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February 23, 2023 | Markets & War

Martin Armstrong

Martin Arthur Armstrong is current chairman and founder of Armstrong Economics. He is best known for his economic predictions based on the Economic Confidence Model, which he developed.

The financial markets had become integrated globally prior to World War I. It was the globalization and openness of world financial markets that became the problem and are important to understand for we will face the same problem today. The capital was free to flow from one country to another before World War I.  All the major countries of the world were on the Gold Standard at that point in time so exchange rates were not as volatile.

We can easily see that the currency market was very stable pre-1914 looking at the French Franc. Keep in mind that this was also a period of fiscal responsibility – pre-Socialism and Marx. Therefore, governments practiced balance budgets to retain confidence in their currencies. That enabled the gold standard to function. Furthermore, any differences in exchange rates were arbitraged. That is how the United States went into crisis in 1896 because the Democrats were inflating the system by overvaluing silver at 16:1 compared to 15:1 in Europe. That resulted in gold fleeing the United States and silver pouring in from international arbitrage.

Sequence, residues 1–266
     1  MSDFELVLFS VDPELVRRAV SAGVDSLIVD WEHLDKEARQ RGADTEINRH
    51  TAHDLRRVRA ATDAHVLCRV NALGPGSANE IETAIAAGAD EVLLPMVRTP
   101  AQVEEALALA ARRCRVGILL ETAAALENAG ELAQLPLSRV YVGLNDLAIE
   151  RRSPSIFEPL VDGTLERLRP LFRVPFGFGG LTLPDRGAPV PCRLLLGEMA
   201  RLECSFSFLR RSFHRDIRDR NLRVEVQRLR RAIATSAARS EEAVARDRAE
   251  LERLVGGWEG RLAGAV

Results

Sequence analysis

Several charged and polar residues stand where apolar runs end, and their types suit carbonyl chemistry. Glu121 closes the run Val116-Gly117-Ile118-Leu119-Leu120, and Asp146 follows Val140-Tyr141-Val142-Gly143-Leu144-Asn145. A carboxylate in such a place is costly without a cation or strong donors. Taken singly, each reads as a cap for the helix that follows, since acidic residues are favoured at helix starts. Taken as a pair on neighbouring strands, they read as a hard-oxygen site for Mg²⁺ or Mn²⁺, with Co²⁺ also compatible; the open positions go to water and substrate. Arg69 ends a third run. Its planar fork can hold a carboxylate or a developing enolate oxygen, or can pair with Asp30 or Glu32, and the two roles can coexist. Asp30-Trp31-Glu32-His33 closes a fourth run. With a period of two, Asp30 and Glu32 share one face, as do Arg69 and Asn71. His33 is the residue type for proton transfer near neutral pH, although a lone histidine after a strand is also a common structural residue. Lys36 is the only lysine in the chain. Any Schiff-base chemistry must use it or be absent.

There was also a viable arbitrage that took place trading the spreads between international bonds listed on the various world stock exchanges. Many countries would issue bonds in British pounds just as they do in dollars today to sell more to the investors in the financial capital of the world, which was London at that point in time.

A country such as China or Russia would issue a bond that was listed on the stock exchanges in London, New York, Paris, Berlin, Amsterdam as well as St. Petersburg in Russia. Here is a Chinese bond issued in British pounds in 1913 paying 5%. The differences in exchange rates, which would still fluctuate marginally, would be arbitraged by buying and selling bonds in different markets.

Consequently, during World War I, there was a global marketplace. In effect, this integration of markets presented a problem when the war hit. Capital could flee from one country to the next and thus the method to deal with the capital flows was to close the stock markets. The United States also closed the market in sympathy with Europe.

We will be taking a closer look at the various global markets. What you can count on is clearly CAPITAL CONTROLS. It would be best for those in Asia and Europe to have some capital tucked away in the United States. Once bullets start shooting, it will most likely be too late to move money.

Keep an eye on our Capital Flow tracking. This may become very critical in the months ahead.

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February 23rd, 2023

Posted In: Armstrong Economics

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